Nellie and Quinn

We lost both of our elderly dogs within close succession within the past 18 months. My husband and I experienced “doglessness“ for the first time in thirty years, that is until a sweet little “Jack Russell something or other” showed up at my hospital. A good samaritan brought her in after finding her wandering the streets of a neighboring town. She was an introverted little wreck of a dog- emaciated with horrible skin disease, and in fulminant heat. X-rays revealed that someone had good aim when they shot at her with a BB gun. There was just something about her eyes that made it clear she and I needed each other.

Since then, our Nellie has evolved into a perky, svelte little girl- loving and adored by the entire family (including the cats). She has learned to trust and is beginning to play with other dogs. Nellie is our very first small dog and we’ve discovered that such little canines are downright handy! So easy to bathe and a cinch to travel with! No she’s not much of a watchdog, but fortunately where we live, there’s not much need for that. Admittedly, we were a bit put out with our girl when we returned home one evening to find Nellie pretending to be asleep on our bed while a raccoon was dining at the cat food bowl, having found entry into our house via the dog door!

Approximately a week ago, we decided we were ready once again to become a two-dog household. Our 16-year-old daughter was overjoyed and spent an entire day on line looking for the dog with just the right description. Well, she managed to find him! He is a 3-month-old pup that was retrieved from the opposite of a “no kill” shelter in Bakersfield, California. A rescue organization called The Dog Spot consists of a core of dedicated volunteers who retrieve dogs from overcrowded California shelters and then foster them until suitable homes can be found. They concentrate on retrieving older adult dogs that are unlikely to be adopted. Apparently, on this last trip, they simply couldn’t resist a particular batch of pups (our new dog was among them) that were first in line to be euthanized. Some of the dogs The Dog Spot heroes retrieve are physically and/or emotionally damaged. Nonetheless they receive all the medical care and emotional support their dear bodies and minds are longing for. Kudos to this wonderful organization!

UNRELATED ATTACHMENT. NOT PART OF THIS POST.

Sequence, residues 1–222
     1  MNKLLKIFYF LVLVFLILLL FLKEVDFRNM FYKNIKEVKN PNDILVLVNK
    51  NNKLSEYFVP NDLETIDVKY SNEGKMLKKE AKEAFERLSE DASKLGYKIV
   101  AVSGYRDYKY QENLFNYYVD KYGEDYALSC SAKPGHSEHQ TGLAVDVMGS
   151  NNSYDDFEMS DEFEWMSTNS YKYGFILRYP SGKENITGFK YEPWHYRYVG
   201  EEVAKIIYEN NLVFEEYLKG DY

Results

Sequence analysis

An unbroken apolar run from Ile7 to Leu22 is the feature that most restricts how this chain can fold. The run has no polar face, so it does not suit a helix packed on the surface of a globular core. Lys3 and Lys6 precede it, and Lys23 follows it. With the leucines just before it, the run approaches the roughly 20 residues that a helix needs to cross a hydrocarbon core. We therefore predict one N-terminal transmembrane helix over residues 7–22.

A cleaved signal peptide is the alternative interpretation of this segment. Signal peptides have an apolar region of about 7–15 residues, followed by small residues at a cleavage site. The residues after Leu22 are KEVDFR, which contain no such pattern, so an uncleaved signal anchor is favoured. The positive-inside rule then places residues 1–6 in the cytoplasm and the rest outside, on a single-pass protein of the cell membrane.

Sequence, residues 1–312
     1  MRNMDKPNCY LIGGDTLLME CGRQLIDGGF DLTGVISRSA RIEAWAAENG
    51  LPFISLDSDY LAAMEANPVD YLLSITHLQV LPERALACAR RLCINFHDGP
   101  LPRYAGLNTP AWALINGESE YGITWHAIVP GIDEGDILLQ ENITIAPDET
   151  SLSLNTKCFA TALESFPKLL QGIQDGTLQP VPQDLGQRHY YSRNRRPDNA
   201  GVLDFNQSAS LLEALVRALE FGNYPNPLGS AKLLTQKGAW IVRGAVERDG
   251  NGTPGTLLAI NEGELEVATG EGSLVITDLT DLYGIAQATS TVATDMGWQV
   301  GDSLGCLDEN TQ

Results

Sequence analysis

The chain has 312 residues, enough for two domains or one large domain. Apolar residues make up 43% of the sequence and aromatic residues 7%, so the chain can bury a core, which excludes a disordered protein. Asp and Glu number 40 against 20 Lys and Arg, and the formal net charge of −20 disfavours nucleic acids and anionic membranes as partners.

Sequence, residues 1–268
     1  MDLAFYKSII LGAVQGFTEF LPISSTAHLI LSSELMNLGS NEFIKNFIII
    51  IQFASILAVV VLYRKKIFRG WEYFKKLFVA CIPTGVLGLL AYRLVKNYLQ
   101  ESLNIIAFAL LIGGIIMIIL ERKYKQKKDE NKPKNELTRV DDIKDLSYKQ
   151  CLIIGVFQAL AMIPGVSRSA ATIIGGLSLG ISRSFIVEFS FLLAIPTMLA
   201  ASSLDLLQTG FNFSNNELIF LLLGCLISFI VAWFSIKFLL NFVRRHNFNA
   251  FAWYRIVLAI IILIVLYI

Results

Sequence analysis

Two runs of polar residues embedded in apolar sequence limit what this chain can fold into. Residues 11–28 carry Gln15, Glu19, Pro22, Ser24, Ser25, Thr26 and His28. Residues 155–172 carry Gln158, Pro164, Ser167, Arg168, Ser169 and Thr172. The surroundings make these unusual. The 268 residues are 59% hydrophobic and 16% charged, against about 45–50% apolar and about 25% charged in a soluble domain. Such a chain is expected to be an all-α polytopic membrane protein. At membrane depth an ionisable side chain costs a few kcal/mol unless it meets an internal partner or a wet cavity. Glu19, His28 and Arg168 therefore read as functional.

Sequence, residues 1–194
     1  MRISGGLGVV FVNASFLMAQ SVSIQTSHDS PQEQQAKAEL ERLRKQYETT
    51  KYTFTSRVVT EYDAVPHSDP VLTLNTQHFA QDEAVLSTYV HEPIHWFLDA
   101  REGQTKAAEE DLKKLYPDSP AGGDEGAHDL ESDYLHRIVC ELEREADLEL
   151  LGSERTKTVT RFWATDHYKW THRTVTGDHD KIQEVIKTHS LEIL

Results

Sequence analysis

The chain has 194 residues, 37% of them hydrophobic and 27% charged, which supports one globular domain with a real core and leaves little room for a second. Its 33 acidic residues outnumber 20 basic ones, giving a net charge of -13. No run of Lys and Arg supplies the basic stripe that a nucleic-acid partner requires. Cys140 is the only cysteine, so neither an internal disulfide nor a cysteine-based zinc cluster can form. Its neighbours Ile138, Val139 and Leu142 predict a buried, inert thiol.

I consider myself quite talented at being able to glance at a mutt and, within seconds have a pretty darned good idea of who the parents were. With our new little fella I haven’t a clue! He’s been with us for three days and I’ve already talked myself in and out of a Corgi, Sheltie, Papillon, Cavalier, Basenji, and Chihuahua. I think we’re going to have to watch him figure out his body a little bit before I make my final guess. Who knows, maybe we’ll even wind up doing some genetic testing! I’m not sure how this little gem of a dog wound up at a shelter, but I do have the sense he’s been treated with kindness. We’ve decided to call him Quinn.

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